Despite Tim Duncan being robbed of a quadruple-double in Game Six of the 2003 NBA Finals, the San Antonio Spurs legend put on a defining performance as he secured his second championship in four years.
Up until recently, the triple-double was a coveted and seemingly impossible feat to accomplish as a professional basketball player. It was left to players at the peak of powers like historic point guard Magic Johnson, lifelong phenomenon LeBron James and the savior of the San Antonio Spurs: power forward Tim Duncan.
Now, it’s become more common than ever with players from varying levels of fame and status reaching the mark throughout the regular season. However, the quadruple-double is in a league of its own with only four players, including San Antonio Spurs center David Robinson, ever reaching the achievement. That list would’ve extended to five, but poor stat-keeping muddied one of the most prolific performances in NBA history.
On June 15, 2003, the Spurs played host to the New Jersey Nets in Game Six of the NBA Finals. Duncan dominated in the previous game with a 29-point, 17 rebound performance in a 10-point victory for the silver and black. With momentum on their side and the confidence of a championship-caliber organization, San Antonio returned home to what was then the SBC Center for a chance at securing a world championship.
Early in the contest, it seemed like New Jersey was taking its competitiveness to another level. Duncan only scored seven points in the first quarter and the Nets took an early eight-point lead. Point guard Jason Kidd had fire in his eyes, which helped him reach a 21-point, seven-assist stat-line in the contest. Just after Duncan tied the game at 38 apiece with under a minute left in the second quarter, Kidd drained a three-point shot to give his team a three-point lead at the half.
By this point, Duncan had a loaded stat line with double-digit points and a heap of counting stats to match. He was dominating around the rim, blocking shots left and right while fending off big man Kenyon Martin at the peak of his powers.
Things looked bleak in the fourth quarter as Duncan scored only four points and New Jersey extended its lead to three. During this timeframe, the two missed blocks that ruined Duncan’s quadruple-double occurred.
With 6:43 remaining in the third, Kerry Kittles attempts a scoop layup near the basket that Timmy knocks out of bounds. Instead of counting as a blocked shot, however, the officials recorded it as a deflection. Just two minutes later, Duncan stuffs one of Martin’s shots near the rim, but the credit was given to Robinson instead despite Timmy making the defensive rotation and pinning the layup.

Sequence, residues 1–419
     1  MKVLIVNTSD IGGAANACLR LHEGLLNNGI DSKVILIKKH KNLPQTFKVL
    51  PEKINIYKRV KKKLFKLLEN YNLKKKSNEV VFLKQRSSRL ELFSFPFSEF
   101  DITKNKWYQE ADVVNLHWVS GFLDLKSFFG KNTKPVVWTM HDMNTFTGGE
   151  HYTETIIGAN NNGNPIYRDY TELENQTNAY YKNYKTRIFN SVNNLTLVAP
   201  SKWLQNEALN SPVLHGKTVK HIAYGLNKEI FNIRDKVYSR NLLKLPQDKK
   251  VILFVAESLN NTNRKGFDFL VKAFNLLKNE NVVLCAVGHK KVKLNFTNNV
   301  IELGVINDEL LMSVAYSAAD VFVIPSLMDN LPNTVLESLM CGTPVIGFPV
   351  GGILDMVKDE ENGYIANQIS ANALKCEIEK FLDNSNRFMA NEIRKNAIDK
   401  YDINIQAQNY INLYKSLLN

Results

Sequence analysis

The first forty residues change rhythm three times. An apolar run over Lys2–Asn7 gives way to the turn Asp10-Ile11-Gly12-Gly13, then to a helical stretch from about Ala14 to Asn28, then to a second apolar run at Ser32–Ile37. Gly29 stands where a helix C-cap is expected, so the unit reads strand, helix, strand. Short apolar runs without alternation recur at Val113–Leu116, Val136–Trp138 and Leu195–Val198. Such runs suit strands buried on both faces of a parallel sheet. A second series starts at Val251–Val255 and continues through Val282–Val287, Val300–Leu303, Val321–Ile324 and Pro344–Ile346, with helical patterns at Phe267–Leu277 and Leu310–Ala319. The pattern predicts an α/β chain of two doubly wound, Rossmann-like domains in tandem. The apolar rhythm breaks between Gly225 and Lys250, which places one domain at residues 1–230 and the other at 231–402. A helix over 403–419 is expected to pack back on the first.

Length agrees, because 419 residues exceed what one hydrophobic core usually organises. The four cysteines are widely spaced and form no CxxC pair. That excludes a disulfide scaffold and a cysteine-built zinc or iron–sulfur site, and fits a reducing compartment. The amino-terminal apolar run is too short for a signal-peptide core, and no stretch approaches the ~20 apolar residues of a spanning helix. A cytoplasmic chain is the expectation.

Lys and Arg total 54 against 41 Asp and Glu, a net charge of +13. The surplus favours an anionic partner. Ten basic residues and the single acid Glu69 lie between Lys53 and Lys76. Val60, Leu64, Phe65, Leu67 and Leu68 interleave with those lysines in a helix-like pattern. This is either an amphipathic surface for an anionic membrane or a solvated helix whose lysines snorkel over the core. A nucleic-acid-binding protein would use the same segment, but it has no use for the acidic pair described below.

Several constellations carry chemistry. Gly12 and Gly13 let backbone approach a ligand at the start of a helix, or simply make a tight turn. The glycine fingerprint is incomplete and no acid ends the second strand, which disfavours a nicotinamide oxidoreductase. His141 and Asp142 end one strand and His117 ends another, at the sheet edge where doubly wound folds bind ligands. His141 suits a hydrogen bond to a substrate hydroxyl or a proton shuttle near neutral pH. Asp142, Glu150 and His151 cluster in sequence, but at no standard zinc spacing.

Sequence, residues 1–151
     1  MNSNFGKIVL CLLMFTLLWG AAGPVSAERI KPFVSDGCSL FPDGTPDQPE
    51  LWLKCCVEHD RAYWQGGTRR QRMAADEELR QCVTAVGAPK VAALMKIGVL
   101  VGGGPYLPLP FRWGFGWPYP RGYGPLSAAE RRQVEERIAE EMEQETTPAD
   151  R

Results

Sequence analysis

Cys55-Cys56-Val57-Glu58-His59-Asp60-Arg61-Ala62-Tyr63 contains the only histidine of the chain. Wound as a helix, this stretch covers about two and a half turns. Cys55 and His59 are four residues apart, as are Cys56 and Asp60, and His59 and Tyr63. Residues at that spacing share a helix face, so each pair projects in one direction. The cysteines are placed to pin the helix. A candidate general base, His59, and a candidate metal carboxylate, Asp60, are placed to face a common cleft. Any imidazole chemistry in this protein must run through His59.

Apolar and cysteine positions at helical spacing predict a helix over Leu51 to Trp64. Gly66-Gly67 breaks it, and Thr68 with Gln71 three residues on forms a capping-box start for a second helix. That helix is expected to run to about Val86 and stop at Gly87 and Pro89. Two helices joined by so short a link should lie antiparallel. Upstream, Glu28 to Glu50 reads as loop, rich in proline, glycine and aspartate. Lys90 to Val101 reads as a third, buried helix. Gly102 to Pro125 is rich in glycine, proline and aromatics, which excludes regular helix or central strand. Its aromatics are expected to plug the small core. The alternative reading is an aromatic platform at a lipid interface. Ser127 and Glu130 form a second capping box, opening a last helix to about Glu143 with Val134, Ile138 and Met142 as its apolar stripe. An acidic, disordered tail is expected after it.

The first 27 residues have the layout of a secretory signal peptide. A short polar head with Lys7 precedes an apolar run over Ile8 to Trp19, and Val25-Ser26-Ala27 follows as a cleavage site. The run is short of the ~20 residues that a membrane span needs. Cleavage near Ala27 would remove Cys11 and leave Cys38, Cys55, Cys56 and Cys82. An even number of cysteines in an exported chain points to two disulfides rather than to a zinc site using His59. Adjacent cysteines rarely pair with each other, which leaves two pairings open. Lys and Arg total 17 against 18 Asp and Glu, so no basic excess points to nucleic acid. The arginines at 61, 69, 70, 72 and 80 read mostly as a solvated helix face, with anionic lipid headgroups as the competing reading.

Spurs fans have been reeling over this mistake for years. Everyone in the Alamo City champions Duncan and his legacy as one of the greatest to ever play the sport. Having the illusive quadruple-double on his resume would’ve been one more bullet point to use in arguments against the Boston Celtics and Los Angeles Lakers fans who place Larry Bird and Shaquille O’Neal above him.
Regardless, Duncan powered through in spite of his rough quarter and caught fire in what would be the final quarter of the season. San Antonio put together a 19-0 run in the fourth surged by Duncan’s smothering defense. He blocked three shots in that span and altered a handful more, causing the Nets to go scoreless on eight-strait possessions while racking up assists to his teammates in the process.
"How many times have you seen somebody get a triple-double in Game 6 in the deciding game to win the championship?"
— FOX Sports (@FOXSports) May 30, 2019
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San Antonio escaped a game they were never supposed to win based on the first three-quarters on the back of their star player. Duncan’s final stat line was 21 points, 20 rebounds, 10 assists and eight blocks on 9-of-19 shooting. His block percentage was inconceivable at 12.6 percent, and his Box Plus/Minus reflected that at a sky-high 16.4.
If the basketball world is going to remember Duncan for a single performance, this would be the one. Even though he didn’t officially get the quadruple-double that he deserved, he still asserted his dominance on the league throughout the 2002-03 season which culminated with his single greatest game at the very end. Obviously Duncan was crowned the NBA Finals MVP, putting him in elite company with Kareem Abdul-Jabbar and Michael Jordan, amongst others, as he won both MVP awards in one season.
As we all know, Duncan continued a surefire Hall of Fame career, winning multiple championships and various awards along the way. All of his accomplishments landed him to where he is today—Back on the Spurs’ bench with his head coach and close friend, Gregg Popovich.
The greatest Spur of all-time has never stopped giving everything he can to San Antonio’s franchise, and we’ll all remember his greatest moment doing the thing he loved the most.